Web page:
Â In 1921, England is overwhelmed by the loss and grief of World War I. Hoax exposer Florence Cathcart visits a boarding school to explain sightings of a child ghost. Everything she believes unravels as the ‘missing’ begin to show themselves.
The Black Saint is not a big fan of ghost stories. By and large I find them to be trite & boring although there are some that have kept my attention and had me looking over my shoulder. Films like “The Haunting” & “The Legend Of Hell House” come immediately to mind, but I cannot admit to being a fan of the genre as a whole. They just aren’t my cup of (Poisoned) tea. So I was more than a little miffed when I realized that the next flick on my list to watch was a ghost story called “The Awakening“. “Damn…once again my erstwhile editor has cursed me with some scare free drivel” I thought to myself as I sat myself down to watch the movie. But I was pleasantly surprised by it…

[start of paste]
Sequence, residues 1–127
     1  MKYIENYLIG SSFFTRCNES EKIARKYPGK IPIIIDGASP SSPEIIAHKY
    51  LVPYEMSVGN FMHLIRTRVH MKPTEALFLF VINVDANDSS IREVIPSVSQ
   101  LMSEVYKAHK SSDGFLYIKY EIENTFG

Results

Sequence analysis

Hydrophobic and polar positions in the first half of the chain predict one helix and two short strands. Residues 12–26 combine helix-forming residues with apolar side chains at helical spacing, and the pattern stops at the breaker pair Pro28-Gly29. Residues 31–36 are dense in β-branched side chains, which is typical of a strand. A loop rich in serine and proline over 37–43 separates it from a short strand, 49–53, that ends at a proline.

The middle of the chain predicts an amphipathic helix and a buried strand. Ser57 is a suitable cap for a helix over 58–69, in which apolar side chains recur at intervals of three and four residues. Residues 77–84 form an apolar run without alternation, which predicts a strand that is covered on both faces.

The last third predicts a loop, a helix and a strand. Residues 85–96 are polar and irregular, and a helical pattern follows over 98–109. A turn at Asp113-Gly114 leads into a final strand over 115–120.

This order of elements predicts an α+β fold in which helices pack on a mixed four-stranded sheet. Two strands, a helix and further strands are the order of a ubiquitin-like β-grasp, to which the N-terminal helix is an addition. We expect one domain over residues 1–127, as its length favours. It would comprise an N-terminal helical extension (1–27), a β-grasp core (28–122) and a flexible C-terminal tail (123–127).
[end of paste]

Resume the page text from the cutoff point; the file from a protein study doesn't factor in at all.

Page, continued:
“The Awakening” opens with a quote from a fictional book called “Seeing Through Ghosts” written by the main character in the film, Florence Cathcart, that reads “Observation: Between 1914 and 1919 war and influenza have claimed more than a million lives in Britain alone. Conclusion: This is a time for ghosts”. From here we’re led to a seance about to begin with the aforementioned Ms. Cathcart (Rebecca Hall) in attendance. The seance begins and there are the prerequisite nosebleeds, candles going out & a spirit appearing but all of a sudden Florence is on her feet, yanking the wig off of the spirit’s head. It’s all a scam & Florence is something of a “Ghostbuster”. In her quest to learn if ghosts do exist she has become an expert in detecting charades like this one in which people are ripped off by claims of being able to contact those they have lost. At the end of this scene, Florence is outside watching the arrests being made when she’s suddenly slapped across the face by the woman who was there to contact her daughter. She asks her “Have you ever had a child”? Some people just want the illusion to be reality so much that they’re willing to suspend belief, even knowing that it’s all a hoax, if it means that they can see a loved one again. Even if it’s just for a few short seconds.